Google agrees to pay $335 million in Italy tax dispute

Google coughs up €306m in Italy tax settlement

Logos of US multinational technology company Google in Vertou western France

Tech giant Google agreed to pay $334 million to the Italian government to cover a back tax bill, the latest settlement by a USA tech company for business in Europe.

"With Google a process will be kicked off to come up with preventive agreements for correct taxation in Italy in the future for operations that regard our country", the tax office said.

The agreement not only covers 2009-2013, the period under investigation, but also separate disputes related 2002-2006 and 2014-2015. The company made a similar deal with the United Kingdom one year ago, providing $ 185 million to the UK tax authorities.

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Other European countries have also accused Google of avoiding taxes by booking income earned in higher-taxing markets through its Ireland unit, where taxes are lower.

Days after it emerged that Italian tax agencies were pursuing online retail giant Amazon for taxes worth EUR130m (USD142m), it was revealed that Google will pay a EUR306m (USD335m) tax settlement.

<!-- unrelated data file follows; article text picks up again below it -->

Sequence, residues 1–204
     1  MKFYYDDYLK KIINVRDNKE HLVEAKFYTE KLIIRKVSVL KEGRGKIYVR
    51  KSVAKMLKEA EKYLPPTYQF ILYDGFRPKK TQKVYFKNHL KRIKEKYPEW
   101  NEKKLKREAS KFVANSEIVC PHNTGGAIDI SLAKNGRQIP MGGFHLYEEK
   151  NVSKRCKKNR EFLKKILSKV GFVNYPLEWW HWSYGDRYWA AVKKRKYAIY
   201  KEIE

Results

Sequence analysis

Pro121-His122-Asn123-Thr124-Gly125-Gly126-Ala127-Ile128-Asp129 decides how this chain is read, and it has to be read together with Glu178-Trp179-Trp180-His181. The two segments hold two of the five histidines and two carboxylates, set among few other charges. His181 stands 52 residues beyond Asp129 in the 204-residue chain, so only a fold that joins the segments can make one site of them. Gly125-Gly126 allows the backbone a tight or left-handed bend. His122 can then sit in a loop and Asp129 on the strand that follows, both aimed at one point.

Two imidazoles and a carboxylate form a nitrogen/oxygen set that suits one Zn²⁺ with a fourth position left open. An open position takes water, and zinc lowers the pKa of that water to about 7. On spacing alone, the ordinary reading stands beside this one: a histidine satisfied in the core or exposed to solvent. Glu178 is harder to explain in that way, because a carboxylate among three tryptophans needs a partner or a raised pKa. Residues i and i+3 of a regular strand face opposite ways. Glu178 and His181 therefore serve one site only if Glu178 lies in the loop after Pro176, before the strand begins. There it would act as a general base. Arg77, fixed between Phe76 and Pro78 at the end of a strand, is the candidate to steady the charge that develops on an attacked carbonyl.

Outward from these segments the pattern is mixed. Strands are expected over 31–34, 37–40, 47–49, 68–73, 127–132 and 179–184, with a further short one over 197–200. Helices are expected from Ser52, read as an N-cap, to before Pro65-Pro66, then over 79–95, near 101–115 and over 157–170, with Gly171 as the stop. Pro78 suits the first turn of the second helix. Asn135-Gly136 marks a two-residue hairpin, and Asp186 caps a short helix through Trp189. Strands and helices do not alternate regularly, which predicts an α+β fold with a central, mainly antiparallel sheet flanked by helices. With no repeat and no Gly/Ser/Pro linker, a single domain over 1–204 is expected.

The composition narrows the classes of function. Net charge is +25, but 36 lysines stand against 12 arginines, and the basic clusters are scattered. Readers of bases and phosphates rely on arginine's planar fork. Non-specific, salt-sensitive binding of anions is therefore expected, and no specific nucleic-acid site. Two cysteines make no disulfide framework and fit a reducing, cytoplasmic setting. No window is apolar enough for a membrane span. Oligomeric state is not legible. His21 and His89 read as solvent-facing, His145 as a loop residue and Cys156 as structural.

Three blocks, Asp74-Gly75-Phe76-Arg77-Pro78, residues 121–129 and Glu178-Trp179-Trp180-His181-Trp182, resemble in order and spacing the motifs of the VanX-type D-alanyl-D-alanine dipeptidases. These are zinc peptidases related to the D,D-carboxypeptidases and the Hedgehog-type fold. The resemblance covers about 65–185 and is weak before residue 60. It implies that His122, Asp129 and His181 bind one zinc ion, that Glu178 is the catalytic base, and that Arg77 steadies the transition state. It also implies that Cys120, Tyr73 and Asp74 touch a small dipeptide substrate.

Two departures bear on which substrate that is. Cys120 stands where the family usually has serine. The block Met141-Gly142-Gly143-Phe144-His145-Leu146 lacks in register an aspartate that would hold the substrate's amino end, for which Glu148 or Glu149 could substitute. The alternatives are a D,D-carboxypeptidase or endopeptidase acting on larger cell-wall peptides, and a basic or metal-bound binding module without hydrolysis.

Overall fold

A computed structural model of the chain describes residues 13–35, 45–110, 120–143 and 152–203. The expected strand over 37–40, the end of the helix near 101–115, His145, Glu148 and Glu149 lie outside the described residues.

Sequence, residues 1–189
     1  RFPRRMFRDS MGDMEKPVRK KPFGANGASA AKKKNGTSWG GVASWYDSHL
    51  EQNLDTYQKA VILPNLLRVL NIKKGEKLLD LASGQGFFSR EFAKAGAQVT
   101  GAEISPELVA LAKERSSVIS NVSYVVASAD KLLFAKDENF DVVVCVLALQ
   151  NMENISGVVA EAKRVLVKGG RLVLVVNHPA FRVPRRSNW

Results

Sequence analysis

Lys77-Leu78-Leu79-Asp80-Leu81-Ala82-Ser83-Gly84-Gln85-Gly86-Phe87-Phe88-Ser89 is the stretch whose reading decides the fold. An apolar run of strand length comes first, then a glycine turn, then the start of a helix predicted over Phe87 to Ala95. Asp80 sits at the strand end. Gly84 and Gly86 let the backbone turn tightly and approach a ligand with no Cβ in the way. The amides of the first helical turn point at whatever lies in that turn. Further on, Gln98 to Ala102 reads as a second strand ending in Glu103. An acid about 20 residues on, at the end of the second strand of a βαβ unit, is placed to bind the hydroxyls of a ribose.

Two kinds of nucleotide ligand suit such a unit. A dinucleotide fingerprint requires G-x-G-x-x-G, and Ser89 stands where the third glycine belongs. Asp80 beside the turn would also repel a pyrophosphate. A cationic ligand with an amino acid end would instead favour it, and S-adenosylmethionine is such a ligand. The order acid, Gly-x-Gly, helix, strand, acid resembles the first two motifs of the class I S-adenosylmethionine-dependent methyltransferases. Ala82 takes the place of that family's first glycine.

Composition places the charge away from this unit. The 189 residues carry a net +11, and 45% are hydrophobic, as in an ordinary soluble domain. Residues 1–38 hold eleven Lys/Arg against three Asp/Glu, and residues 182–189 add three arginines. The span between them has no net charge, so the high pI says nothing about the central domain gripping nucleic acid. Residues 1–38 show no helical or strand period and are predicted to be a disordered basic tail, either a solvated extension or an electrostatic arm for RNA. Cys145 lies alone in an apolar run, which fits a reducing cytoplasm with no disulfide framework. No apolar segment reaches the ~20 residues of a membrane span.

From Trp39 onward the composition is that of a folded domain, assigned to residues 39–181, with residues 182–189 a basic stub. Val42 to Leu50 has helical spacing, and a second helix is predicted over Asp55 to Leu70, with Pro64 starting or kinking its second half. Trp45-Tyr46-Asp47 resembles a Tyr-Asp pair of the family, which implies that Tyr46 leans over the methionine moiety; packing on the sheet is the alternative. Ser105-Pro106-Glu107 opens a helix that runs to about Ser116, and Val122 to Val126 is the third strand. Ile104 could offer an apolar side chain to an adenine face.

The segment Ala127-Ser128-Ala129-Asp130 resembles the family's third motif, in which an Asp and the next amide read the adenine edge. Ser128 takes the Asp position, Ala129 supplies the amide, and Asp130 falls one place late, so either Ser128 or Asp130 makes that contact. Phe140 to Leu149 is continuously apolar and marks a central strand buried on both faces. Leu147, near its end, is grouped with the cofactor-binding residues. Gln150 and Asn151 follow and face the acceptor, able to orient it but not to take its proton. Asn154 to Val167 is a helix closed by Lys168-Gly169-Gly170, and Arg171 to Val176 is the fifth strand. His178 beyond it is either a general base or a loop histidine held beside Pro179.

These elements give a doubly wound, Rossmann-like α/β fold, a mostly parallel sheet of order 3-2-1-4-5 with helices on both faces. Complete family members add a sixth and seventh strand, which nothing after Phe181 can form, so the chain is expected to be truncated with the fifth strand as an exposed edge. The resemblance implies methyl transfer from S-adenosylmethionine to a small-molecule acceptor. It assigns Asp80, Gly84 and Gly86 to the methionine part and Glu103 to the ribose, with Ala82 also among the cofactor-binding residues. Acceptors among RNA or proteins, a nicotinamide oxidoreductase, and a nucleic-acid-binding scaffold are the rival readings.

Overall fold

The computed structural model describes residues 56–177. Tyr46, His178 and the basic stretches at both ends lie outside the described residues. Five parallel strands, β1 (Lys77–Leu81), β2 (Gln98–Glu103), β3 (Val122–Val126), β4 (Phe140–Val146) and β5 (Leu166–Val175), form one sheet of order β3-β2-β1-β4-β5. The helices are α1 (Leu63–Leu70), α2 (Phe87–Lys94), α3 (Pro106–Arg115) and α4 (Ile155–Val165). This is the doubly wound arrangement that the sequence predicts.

The Australian government also introduced legislation of the same name in March hitting multinationals - with global revenue of more than AU$1 billion and Australian revenue of greater than AU$25 million - with a 40 percent tax on all profits.

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The US-based company has previously said it complied with tax rules in all the countries it operates in. Last August, the commission ordered Apple Inc.to return $13 billion to Ireland in unpaid taxes.

Last year, Finance minister Michel Sapin said France would not negotiate with Google.

News.com.au reported that Treasurer Scott Morrison was looking to wring billions from Google and other big companies. In late 2015, Apple Inc. agreed to pay about EUR318 million to end a dispute in which the company allegedly failed to pay nearly EUR900 million in taxes between 2008 and 2013.

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'This latter point applies the Italian tax code in a way in which the UK's diverted profits tax (unfortunately named the Google Tax) doesn't'.

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